Tuesday, November 30, 2010

Prospects for Regime Change in North Korea

At the clip below, with Donald Kirk of the Christian Science Monitor. He speaks toward the end on the extreme dangers of a military overthrow in North Korea, especially a refugee crisis. Interesting how these dangers are raised primarily in the context of outside intervention, and not in the case of an implosion of the dictatorship in Pyongyang. Most problematic is the size of the North Korean forces, with nearly 1,000,000 troops under arms. A military incursion from the south would only be feasible with a combined contingent of American and South Korean units. The U.S. would provide air support off shore through carrier battle groups. Tokyo has indicated its support for military retaliation --- and Japanese military forces were deployed to Iraq in the first outside operations since WWII --- so perhaps the operation could be multilateralized. And then there's China. We can only speculate, but it's unlikely any force options would be available without some kind of support from Beijing. Regime change North Korea would require buy-in from all the major actors, and so far I don't see much realistic discussion of it on the Chinese side. (But see, "Is China About to Throw North Korea Under The Bus?") Certainly China relishes the regional prestige from propping up its NoKo client. But should the Kim dynasty continue its bellicose actions, perhaps leading to the additional loss of life, the situation will be an increasing reminder of the false peace of 1930s Europe. A huge blowout of historic proportions could be expected.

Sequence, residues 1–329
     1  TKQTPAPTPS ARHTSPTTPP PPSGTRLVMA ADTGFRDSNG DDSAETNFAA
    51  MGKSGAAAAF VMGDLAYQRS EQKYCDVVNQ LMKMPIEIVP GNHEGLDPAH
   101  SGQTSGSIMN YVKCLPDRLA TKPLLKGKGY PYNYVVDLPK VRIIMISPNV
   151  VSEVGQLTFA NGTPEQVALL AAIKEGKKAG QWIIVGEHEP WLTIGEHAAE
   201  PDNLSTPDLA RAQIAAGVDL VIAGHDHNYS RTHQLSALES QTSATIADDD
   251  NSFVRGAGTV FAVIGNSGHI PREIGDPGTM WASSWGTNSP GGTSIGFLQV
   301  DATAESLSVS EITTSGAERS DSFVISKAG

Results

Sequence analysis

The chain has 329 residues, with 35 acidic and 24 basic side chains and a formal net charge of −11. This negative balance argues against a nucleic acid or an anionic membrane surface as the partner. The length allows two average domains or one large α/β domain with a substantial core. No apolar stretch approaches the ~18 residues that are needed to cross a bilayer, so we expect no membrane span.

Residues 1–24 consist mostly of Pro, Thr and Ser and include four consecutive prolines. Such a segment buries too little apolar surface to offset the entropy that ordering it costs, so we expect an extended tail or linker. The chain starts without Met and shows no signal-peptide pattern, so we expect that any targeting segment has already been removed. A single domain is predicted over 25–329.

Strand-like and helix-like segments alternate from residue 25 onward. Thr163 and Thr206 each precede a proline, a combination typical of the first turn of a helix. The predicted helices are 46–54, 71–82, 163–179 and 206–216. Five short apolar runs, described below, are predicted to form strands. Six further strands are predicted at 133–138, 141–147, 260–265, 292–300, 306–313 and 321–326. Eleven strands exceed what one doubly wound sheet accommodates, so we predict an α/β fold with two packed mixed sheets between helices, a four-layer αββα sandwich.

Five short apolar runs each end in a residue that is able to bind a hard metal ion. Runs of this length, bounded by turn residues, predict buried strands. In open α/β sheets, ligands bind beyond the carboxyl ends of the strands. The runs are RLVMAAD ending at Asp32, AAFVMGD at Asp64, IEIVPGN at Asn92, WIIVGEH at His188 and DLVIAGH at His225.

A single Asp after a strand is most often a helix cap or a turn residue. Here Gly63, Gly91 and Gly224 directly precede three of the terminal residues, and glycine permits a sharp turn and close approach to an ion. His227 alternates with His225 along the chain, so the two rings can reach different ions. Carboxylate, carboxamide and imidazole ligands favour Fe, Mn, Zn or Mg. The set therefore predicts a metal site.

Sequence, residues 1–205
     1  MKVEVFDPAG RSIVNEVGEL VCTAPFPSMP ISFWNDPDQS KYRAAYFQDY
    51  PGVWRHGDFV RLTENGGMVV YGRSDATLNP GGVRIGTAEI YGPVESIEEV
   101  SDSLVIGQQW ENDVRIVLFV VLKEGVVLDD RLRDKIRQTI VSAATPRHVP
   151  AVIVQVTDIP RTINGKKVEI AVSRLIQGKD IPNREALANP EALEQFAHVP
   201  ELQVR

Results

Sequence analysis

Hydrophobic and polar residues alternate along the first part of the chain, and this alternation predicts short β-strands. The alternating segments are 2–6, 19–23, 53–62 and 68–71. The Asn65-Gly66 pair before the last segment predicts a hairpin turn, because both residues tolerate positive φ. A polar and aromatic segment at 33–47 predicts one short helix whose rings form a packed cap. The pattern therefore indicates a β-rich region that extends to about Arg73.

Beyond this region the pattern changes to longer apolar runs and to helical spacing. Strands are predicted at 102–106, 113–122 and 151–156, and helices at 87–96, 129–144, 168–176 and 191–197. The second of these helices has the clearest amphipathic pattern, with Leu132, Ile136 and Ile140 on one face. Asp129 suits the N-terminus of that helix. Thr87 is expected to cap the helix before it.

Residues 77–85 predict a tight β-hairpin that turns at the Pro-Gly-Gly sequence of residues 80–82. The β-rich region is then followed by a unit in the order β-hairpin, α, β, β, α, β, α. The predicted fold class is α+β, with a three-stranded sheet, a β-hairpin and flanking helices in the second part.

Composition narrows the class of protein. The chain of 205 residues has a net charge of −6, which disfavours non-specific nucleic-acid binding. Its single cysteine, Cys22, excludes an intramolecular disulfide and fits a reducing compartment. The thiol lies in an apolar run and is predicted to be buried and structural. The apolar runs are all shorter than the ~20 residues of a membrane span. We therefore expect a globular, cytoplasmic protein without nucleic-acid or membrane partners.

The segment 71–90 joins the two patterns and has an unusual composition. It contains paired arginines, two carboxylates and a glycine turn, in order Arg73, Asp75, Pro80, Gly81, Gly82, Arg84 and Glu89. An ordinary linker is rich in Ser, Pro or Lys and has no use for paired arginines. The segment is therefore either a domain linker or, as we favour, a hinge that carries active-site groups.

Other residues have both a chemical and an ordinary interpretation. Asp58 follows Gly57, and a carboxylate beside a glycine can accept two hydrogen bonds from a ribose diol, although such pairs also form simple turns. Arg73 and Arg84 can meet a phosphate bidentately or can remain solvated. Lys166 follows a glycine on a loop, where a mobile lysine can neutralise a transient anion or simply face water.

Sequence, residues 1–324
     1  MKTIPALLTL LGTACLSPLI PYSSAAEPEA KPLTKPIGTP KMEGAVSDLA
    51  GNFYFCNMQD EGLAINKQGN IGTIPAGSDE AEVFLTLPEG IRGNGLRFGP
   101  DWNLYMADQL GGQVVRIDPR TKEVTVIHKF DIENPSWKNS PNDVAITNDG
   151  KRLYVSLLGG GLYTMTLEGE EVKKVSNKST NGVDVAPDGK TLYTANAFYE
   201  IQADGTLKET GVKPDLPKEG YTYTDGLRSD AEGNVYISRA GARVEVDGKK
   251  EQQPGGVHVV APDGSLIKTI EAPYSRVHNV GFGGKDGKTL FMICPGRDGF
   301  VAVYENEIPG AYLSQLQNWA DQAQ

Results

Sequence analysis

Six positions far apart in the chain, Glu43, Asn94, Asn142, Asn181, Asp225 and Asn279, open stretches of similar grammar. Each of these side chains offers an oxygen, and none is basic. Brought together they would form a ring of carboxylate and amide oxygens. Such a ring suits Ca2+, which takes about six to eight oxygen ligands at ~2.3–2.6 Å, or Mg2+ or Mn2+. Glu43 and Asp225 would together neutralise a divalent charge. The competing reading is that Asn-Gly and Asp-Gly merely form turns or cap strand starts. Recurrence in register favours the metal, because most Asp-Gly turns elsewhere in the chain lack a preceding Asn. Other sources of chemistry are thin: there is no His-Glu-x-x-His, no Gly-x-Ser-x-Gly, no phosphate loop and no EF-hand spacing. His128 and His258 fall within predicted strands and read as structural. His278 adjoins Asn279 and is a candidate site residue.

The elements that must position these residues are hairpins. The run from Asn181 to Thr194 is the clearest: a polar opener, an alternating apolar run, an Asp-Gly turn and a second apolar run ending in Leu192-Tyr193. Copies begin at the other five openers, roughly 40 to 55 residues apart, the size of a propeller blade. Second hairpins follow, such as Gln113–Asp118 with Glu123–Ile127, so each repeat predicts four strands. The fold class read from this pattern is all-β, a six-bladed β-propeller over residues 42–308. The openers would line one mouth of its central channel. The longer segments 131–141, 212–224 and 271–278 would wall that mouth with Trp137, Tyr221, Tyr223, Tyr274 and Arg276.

Kirk's got a report from yesterday: "Disillusioned South Korea Weighs Response to North Korean Flare-Up."

And New York Times has another installment on the diplomatic cables: "
Leaked Cables Depict a World Guessing About North Korea." And related news at Memeorandum.